Oliva // Raise the Curtain
Rating: 4.0/5.0 — Of jazz hands and Genesis
Label: AFM Records
Release Dates: Out now!
I’ve been following Jon Oliva’s career since I was a wee metal lad. I loved the classic Savatage albums like The Dungeons are Calling and Hall of the Mountain King and while I didn’t enjoy their eventual metamorphosis into a Broadway-like, show tuney act on later albums like Gutter Ballet and Handful of Rain, I always had a soft spot for Oliva’s singing. I also enjoyed a lot of the Jon Oliva’s Pain material even though it could be inconsistent. It was somewhat of a surprise to see him appear with this new eponymous act, but apparently Mr. Oliva felt the new moniker was more appropriate since this features music written by his deceased brother and former Savatage bandmate Criss Oliva. While the material here isn’t vastly different from later period Savatage or the Jon Oliva’s Pain discography, it’s a more masterful fusion of metal, progressive rock like Yes, and old Genesis and Broadway-style, jazz handy wackiness, though thankfully, the Broadway elements are mostly kept in check. Jon Oliva is a metal institution, he has one of the most distinctive voices out there, he’s performing music with a deep personal connection and since he helped create Trans-Siberian Orchestra, he’s pretty much Father Fucking Christmas. Needless to say, I was really intrigued to hear Raise the Curtain. It turns out to be quite the insidious grower and achieves a lot of what Savatage strived for on later albums, but couldn’t quite get right. It’s also one of the nicer surprises of the year and a whole lot of fun too.
The first thing one notices is just how much this is like 70’s prog-rock. There are layers upon layers of Hammond organ swirling and churning on the title track and it calls to mind the work of Yes and Queen mixed with Paradise Theater era Styx. It’s a festive sound and has a big “opening night” vibe. Even the endless refrains of “Raise the Curtain” can’t stop the fun as this rocks along in a proggy fury. This leads into more traditional, crunchy, Savatage-like metal with “Soul Chaser” and on to groovy, funky rocker “Ten Years” which adds Bebop jazz horns to the musical stew. All work and all are catchy as hell.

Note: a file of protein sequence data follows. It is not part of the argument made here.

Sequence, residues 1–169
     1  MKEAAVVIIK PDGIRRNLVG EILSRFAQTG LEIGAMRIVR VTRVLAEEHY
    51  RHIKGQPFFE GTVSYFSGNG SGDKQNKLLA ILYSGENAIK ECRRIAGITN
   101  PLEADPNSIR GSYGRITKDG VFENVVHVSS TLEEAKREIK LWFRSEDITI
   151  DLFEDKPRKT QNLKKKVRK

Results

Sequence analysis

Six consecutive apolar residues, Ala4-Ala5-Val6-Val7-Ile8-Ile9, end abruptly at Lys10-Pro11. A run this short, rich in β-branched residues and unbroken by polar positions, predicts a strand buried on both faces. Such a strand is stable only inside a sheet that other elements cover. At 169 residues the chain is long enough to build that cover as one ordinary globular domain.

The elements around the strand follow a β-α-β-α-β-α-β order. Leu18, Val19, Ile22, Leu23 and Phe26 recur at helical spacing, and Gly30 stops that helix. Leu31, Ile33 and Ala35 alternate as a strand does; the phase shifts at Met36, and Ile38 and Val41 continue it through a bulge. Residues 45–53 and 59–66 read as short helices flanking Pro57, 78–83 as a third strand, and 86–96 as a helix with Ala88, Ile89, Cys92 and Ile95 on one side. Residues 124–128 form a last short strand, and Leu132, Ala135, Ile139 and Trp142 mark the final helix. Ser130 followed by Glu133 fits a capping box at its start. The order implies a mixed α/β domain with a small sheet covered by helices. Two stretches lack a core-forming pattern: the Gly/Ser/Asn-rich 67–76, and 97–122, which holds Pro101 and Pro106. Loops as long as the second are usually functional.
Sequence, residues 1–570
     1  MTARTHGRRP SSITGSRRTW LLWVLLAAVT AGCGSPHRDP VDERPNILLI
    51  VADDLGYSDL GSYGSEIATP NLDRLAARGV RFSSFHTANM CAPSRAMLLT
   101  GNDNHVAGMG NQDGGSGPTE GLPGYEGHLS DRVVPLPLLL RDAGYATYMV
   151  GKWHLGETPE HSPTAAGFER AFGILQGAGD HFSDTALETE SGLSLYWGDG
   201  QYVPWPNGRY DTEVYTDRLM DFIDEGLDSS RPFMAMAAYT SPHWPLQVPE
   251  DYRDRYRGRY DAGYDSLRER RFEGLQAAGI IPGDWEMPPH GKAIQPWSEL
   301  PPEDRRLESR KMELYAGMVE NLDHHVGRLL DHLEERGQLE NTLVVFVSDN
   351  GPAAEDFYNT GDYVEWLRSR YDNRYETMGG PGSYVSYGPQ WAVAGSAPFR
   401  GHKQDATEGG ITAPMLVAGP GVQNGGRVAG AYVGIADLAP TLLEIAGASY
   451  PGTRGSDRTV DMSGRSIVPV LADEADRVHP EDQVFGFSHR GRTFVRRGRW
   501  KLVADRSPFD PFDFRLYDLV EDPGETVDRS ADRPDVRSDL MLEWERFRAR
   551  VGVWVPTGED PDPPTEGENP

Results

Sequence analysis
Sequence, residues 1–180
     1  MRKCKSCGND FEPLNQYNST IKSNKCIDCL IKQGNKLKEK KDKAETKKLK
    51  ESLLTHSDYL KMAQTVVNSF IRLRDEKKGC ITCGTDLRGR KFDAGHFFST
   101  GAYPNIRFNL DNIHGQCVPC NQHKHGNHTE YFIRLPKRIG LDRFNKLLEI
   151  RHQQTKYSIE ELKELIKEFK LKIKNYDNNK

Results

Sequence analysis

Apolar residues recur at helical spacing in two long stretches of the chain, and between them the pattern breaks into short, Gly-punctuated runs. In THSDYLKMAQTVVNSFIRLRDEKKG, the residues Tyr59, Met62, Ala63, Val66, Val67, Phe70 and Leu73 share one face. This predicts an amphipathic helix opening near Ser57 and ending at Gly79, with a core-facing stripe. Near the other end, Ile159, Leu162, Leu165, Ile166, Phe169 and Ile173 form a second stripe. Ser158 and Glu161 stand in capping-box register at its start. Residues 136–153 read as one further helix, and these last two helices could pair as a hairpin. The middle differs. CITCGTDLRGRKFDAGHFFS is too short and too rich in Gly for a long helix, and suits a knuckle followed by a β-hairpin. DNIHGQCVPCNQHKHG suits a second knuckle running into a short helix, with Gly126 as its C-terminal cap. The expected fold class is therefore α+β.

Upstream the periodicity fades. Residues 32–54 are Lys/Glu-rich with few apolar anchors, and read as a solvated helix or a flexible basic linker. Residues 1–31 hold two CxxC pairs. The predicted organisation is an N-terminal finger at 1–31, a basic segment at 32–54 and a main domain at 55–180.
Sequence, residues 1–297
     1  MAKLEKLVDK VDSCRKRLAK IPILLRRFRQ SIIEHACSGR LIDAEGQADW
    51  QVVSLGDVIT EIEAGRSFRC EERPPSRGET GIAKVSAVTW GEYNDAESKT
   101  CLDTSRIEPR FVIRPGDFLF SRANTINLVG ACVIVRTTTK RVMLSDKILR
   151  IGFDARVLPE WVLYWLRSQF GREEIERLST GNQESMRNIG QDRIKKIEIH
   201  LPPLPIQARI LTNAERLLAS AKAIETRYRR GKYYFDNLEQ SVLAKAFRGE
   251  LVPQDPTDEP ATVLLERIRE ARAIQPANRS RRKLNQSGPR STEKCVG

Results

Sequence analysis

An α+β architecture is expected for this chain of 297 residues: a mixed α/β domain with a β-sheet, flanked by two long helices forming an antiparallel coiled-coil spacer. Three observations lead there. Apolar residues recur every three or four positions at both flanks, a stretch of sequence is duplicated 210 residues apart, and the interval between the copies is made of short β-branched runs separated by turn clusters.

The standout comes with The Doobie Brothers meets Kansas meets metal sound during “Father Time” which pops and sizzles with crisp playing and vocal hooks. I love the chorus and can’t get this one out of my head. Equally solid is the melancholy yet oddly ominous pseudo-ballad “I Know” which could have been on Savatage‘s Edge of Thorns album. Also notable is the surprisingly touching ballad “Soldier,” the interesting Middle Eastern vibe in “Stalker” and the laid back, quasi-country rock of “Can’t Get Away.” Of the bunch, only “Armageddon” feels a bit undercooked, but even that isn’t bad.
Raise the Curtain is such a wild ride because of the constantly shifting moods and vibes. This is truly an “all over the place” kind of platter and as diverse as the styles get, the album feels cohesive and makes sense somehow. It feels like a lot of thinking went into the compositions and arrangements and it manages to be experimental, complex and accessible all at the same time.
Mr. Oliva handled most of the instruments himself and only looked outside for help with guitar solos by Howard Helm and some drumming assistance from Christopher Kinder (Jon Oliva’s Pain). Many of the ear turning moments come from the wild keyboards and Oliva really outdoes himself capturing that special 70s prog-rock sound. He also gives an impressively diverse vocal performance ranging from metallic rasping, Joe Cocker-esque, herky-jerky groaning and smooth, clean singing. He conveys tender emotion when needed and he can still sound damn nasty when necessary.
The sound is rich, full and not unlike a 70s Yes album, but with way heavier guitar tones. The keyboards are very central and upfront in the mix and at times they overpower the guitars, but it’s a minor issue as the overall sound is quite pleasing to the ear.
I don’t know how much of what ultimately comprised Raise the Curtain was written by Criss Oliva, but whatever the percentage, Jon surely did right by his brother and this is an impressive homage to him and the music they both loved. I can’t think of a finer way to celebrate him and I’m glad his music is finally seeing the light of day. Good on you, Jon and R.I.P. Criss. Check this out.